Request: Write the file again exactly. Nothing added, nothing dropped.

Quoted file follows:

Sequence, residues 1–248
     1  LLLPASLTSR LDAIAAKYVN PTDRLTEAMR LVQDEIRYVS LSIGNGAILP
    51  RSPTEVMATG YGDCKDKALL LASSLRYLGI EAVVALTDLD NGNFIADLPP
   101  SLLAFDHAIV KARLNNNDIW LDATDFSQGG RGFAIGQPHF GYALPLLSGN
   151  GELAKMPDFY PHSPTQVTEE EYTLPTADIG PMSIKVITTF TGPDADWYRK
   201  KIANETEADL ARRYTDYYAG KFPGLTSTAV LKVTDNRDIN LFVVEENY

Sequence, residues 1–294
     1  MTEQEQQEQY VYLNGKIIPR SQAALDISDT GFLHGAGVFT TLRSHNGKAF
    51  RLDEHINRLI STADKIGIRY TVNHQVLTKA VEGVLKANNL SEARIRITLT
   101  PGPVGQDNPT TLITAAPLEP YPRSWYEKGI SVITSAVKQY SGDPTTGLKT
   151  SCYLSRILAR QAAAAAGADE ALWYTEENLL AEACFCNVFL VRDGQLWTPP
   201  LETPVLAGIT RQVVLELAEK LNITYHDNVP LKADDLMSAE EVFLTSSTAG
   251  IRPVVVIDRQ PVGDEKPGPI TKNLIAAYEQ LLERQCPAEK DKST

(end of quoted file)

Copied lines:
Sequence, residues 1–248
     1  LLLPASLTSR LDAIAAKYVN PTDRLTEAMR LVQDEIRYVS LSIGNGAILP
    51  RSPTEVMATG YGDCKDKALL LASSLRYLGI EAVVALTDLD NGNFIADLPP
   101  SLLAFDHAIV KARLNNNDIW LDATDFSQGG RGFAIGQPHF GYALPLLSGN
   151  GELAKMPDFY PHSPTQVTEE EYTLPTADIG PMSIKVITTF TGPDADWYRK
   201  KIANETEADL ARRYTDYYAG KFPGLTSTAV LKVTDNRDIN LFVVEENY

Sequence, residues 1–294
     1  MTEQEQQEQY VYLNGKIIPR SQAALDISDT GFLHGAGVFT TLRSHNGKAF
    51  RLDEHINRLI STADKIGIRY TVNHQVLTKA VEGVLKANNL SEARIRITLT
   101  PGPVGQDNPT TLITAAPLEP YPRSWYEKGI SVITSAVKQY SGDPTTGLKT
   151  SCYLSRILAR QAAAAAGADE ALWYTEENLL AEACFCNVFL VRDGQLWTPP
   201  LETPVLAGIT RQVVLELAEK LNITYHDNVP LKADDLMSAE EVFLTSSTAG
   251  IRPVVVIDRQ PVGDEKPGPI TKNLIAAYEQ LLERQCPAEK DKST